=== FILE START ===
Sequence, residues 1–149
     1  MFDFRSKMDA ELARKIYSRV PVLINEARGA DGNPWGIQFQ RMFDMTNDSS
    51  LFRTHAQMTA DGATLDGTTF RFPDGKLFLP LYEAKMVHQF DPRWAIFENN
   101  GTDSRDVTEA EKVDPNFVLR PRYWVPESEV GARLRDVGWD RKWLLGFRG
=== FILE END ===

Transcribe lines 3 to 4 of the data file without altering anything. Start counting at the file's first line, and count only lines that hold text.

    51  LFRTHAQMTA DGATLDGTTF RFPDGKLFLP LYEAKMVHQF DPRWAIFENN
   101  GTDSRDVTEA EKVDPNFVLR PRYWVPESEV GARLRDVGWD RKWLLGFRG